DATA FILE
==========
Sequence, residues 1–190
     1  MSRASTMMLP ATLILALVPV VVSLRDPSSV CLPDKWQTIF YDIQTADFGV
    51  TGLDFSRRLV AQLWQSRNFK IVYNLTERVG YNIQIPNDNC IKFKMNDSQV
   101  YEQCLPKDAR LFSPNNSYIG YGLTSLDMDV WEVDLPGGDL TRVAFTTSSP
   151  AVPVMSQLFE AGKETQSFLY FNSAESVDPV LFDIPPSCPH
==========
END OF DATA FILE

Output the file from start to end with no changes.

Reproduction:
Sequence, residues 1–190
     1  MSRASTMMLP ATLILALVPV VVSLRDPSSV CLPDKWQTIF YDIQTADFGV
    51  TGLDFSRRLV AQLWQSRNFK IVYNLTERVG YNIQIPNDNC IKFKMNDSQV
   101  YEQCLPKDAR LFSPNNSYIG YGLTSLDMDV WEVDLPGGDL TRVAFTTSSP
   151  AVPVMSQLFE AGKETQSFLY FNSAESVDPV LFDIPPSCPH